Organizational Decision Making Process Literature Review Unit

OrganizationalDecision Making Process: Literature Review

Unit

Literaturereview

Organisationsare increasingly faced with critical decision making situations inthis age of rapid changes in the business environment. Ability tomake the right decision at the right time is a key aspect thatdefines leadership. Successful leaders have demonstrated this bymaking critical decisions at critical moments in response to changesin the environment. Wrong information can lead to wrong decisionswhile more information does not guarantee right decisions always.Nonetheless, understanding the problem at hand and knowing the needand purpose of the decision, the stakeholders involved, the criteriaand sub-criteria of the decision, and the available alternatives,positions leaders better to make the right decisions (Saaty, 2008:84). The organisation’s behaviour, culture and structure must alsobe supportive to such processes which are integrated into the way ofdoing things. This is because decision making is a continuous processwhere means and ends are linked together. The case of the Rwandangenocide that resulted in over 800 000 deaths and millions displacedwith little intervention by the UN call for is a useful case study toassess theories on decision making processes.

Thereare several theories on decision making processes. As theories, someof them share ideas and concept while others disagree. This implieseach theory has it strengths and weaknesses depending on the basis ofits concepts. Several theories developed by different scholars canbe broadly divided into two distinct camps economics based andsocial/psychological-based. The economics-based approach posits thatorganisations should be considered as mere manifestation ofproduction functions with inputs and outputs. To boost theproductivity of the organisations, human beings make rationaldecisions bounded by their knowledge and also by organisationalprocesses. In contrast, social/psychological-based theories viewsorganisations as dynamic institutions with a human element whereorganisational decisions are dependent on the motivational,attitudinal, past experiences, cognitive biases, beliefs, andrational aspects of human behaviour (Saaty, 2008). This latterapproach thus lays emphasis on the human traits of organisationalleaders and how their personal traits influence organisations. Simplyput, economics approach view organisations as more of mechanicalsystems while management approach views organisations as complexsocial or biological systems.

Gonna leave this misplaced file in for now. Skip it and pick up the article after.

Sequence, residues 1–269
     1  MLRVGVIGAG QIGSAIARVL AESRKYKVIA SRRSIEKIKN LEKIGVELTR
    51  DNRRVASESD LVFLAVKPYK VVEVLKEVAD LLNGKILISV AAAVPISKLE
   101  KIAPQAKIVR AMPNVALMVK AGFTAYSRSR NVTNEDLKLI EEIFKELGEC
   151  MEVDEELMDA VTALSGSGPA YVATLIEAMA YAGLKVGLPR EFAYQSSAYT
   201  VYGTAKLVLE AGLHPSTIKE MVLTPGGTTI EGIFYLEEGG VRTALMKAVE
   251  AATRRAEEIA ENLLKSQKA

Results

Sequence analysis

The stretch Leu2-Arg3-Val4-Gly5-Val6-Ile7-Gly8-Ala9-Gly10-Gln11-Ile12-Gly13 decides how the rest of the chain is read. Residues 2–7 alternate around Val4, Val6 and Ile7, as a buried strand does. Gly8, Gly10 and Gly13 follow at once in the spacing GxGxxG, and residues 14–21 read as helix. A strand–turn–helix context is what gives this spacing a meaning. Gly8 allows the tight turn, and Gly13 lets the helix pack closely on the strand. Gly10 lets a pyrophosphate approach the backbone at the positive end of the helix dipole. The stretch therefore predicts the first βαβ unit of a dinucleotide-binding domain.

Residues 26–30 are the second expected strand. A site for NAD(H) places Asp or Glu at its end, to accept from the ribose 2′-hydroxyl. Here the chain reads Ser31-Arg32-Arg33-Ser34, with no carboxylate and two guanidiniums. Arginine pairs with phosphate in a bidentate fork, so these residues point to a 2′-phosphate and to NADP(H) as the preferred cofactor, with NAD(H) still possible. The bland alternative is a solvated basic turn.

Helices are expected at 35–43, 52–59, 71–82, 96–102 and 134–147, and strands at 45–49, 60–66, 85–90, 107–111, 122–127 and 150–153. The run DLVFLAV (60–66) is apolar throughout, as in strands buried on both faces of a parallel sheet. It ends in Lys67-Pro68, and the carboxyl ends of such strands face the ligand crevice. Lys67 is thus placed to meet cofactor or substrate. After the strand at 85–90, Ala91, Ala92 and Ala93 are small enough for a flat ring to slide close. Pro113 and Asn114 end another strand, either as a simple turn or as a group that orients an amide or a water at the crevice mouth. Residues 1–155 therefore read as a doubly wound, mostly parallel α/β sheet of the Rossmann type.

Oneof the most commonly used decision making theory is the behaviouraltheory of the firm. Vroom and Jago (1974 321) says that this theorywas first developed by Cyert and March (1963) which was viewed as an“advancement of the works” of March and Simon (1958). The majoridentifying aspect of the theory is its suggestion that understandingthe decision making processes of an organisation is fundamental tounderstanding its organisational behaviour. This means that a singledecision making situation is a product of and indicative of thebehaviour of an organisation at large. Mahoney (2004) says that thistheory is based on an economic approach which seeks to maximizeoutcomes. It is also the foundation for other economic theories suchas the transaction cost theory and the dynamic capabilities theory.

Thenormative decision making model is also widely used in aidingdecision making. The theory, developed by Victor Vroom, suggests fivetypes of decision making processes aimed at improving theeffectiveness of the decision making process. They include decide,consult individuals, consult group, facilitate and delegate. Thenormative approach is thus concerned with understanding how peopleshould behave in certain situations. It gives weight to rationaldecision making processes whereby attention is given to maximizingoutcome by choosing the most optimal option. Tools, such ascomputerised decision support tools, have thus been developed toaiding making decisions informed by proper research on the situation.It must be reiterated that decision making processes are largelyinfluenced by research on the ground (Wang, 2011). This is evident inthe case study where Lieutenant-General Romeo Dallaire was sent on afact finding mission into Rwanda to inform his seniors andspecifically the UN on the necessity of a peacekeeping mission in thecountry in twelve days.